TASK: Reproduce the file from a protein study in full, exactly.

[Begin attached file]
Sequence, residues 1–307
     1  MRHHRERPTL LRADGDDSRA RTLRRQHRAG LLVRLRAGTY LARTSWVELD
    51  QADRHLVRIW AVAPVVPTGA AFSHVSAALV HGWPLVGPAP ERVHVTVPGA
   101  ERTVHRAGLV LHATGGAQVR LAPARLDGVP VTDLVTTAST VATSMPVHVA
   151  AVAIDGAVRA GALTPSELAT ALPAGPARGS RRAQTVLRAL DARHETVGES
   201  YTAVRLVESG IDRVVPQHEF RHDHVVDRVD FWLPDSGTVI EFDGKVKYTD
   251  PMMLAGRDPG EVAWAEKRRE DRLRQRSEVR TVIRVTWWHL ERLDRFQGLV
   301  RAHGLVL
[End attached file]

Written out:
Sequence, residues 1–307
     1  MRHHRERPTL LRADGDDSRA RTLRRQHRAG LLVRLRAGTY LARTSWVELD
    51  QADRHLVRIW AVAPVVPTGA AFSHVSAALV HGWPLVGPAP ERVHVTVPGA
   101  ERTVHRAGLV LHATGGAQVR LAPARLDGVP VTDLVTTAST VATSMPVHVA
   151  AVAIDGAVRA GALTPSELAT ALPAGPARGS RRAQTVLRAL DARHETVGES
   201  YTAVRLVESG IDRVVPQHEF RHDHVVDRVD FWLPDSGTVI EFDGKVKYTD
   251  PMMLAGRDPG EVAWAEKRRE DRLRQRSEVR TVIRVTWWHL ERLDRFQGLV
   301  RAHGLVL